Ragnar Persson’s website isn’t up yet, but it will be found here. You can read a short interview with him here, and see some more pics. And if you happen to be in Stockholm, the corner where you can see his works is the furthest one to the right at the bottom floor, next to the library.

Dokument Press, a small Swedish publisher, has had the good sense of publishing a book with Ragnar Persson’s drawings, called Feel the Darkness. I think I need to get it.

Friday, 18 March 2011

one more beautiful book cover

I hardly have anything to add to this gorgeous cover, to me it’s so obvious why I love it. It’s published by Vintage, and genius art director John Gall has made it. Just go and check his work out here, and then tell me he is not one of the most brilliant book designers ever. I dare you. Looking at this piece of beauty makes me not care so much that it started snowing again.

Thursday, 17 March 2011

su blackwell: paper queen

A good friend with excellent taste recently introduced me to the awesome paper cutting art of Su Blackwell. She’s a British artist and art director, and truly excels in paper cutting, predominantly working by hand, using a scalpell to create her beautiful and intricate pieces. She likes working within the realms of fairytales and folklore, and I particularly love her book sculptures.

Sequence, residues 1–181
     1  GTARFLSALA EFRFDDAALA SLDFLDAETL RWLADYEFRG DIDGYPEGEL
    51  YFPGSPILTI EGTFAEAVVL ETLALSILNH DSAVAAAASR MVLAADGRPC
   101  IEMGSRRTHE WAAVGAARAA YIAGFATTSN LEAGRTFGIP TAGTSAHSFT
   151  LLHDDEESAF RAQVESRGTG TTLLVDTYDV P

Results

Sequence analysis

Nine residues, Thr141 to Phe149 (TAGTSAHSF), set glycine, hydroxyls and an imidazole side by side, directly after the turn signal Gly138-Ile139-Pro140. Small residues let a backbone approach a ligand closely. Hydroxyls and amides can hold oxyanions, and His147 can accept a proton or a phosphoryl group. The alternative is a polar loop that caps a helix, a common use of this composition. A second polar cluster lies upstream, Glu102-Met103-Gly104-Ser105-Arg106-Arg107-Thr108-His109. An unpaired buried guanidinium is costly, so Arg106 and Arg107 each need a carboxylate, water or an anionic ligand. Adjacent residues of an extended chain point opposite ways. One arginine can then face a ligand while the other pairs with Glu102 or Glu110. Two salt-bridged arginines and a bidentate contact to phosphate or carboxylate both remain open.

In her own words: ”For the cut-out illustrations, I tend to lean towards young-girl characters, placing them in haunting, fragile settings, expressing the vulnerability of childhood, while also conveying a sense of childhood anxiety and wonder. There is a quiet melancholy in the work, depicted in the material used, and choice of subtle colour.”

I wish I will get to see these in real life one day, to even more appreciate the handicraft and details up close. For now I will just be grateful that I was pointed in Su Blackwell’s direction at all, and admire her work from afar.

Also, I might get my hands on this book once it gets out, it looks very promising indeed.

Tuesday, 15 March 2011

illustrative ms. lizzy stewart

I’ve just fallen in love with a new illustrator: Lizzy Stewart, from UK. According to her website she is a fan of pencils, cardigans and russian history. And also bears. Most importantly though, in my humble opinion, she has named both her website and blog after my favorite song of all time: About Today by The National. After just reading the last few posts on the blog, I’ve also learnt that she’s got good taste in music in general it seems, and I’m jealous that she’s gotten to see The Decemberists a lot more times than me (just the one time for me, so far ...). Speaking of The Decemberists, her style reminds me a lot of Carson Ellis, which I don’t mind one bit. But enough talking, let’s take a closer look at all the things to fall in love with.

These last ones are illustrations of Swedish tings! I love those smiling lion statues that you’ll find along the street of Drottninggatan in Stockholm. So cute.